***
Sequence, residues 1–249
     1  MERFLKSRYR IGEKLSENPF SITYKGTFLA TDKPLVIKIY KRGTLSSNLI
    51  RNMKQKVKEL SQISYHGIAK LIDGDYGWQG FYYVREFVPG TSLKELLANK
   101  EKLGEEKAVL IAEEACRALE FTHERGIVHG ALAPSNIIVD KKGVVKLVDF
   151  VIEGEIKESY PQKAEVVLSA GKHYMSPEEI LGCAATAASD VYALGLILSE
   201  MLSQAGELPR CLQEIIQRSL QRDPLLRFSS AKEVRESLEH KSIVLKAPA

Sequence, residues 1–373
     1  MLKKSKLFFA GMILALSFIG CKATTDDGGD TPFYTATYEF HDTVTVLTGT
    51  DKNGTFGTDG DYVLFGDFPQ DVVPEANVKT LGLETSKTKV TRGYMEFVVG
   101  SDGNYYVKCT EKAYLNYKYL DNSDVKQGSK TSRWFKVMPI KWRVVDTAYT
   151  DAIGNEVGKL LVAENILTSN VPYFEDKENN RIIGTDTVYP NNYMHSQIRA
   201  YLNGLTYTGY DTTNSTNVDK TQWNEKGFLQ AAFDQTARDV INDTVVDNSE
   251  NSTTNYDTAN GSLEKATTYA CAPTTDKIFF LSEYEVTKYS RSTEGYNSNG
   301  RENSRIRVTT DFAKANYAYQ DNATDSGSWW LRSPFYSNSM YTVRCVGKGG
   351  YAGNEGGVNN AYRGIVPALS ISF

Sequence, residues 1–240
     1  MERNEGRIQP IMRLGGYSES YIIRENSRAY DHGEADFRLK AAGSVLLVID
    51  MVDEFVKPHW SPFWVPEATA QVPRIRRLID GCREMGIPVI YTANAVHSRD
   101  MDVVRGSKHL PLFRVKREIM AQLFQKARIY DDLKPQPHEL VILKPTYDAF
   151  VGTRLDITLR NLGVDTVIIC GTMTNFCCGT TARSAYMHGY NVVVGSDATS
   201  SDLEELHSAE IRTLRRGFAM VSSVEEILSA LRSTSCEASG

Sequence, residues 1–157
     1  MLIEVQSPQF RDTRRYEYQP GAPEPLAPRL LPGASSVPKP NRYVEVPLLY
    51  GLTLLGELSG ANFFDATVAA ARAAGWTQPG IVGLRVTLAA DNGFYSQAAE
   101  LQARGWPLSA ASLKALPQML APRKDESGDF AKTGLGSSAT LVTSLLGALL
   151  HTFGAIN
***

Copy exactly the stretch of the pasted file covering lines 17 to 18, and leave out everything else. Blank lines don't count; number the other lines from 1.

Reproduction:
     1  MERNEGRIQP IMRLGGYSES YIIRENSRAY DHGEADFRLK AAGSVLLVID
    51  MVDEFVKPHW SPFWVPEATA QVPRIRRLID GCREMGIPVI YTANAVHSRD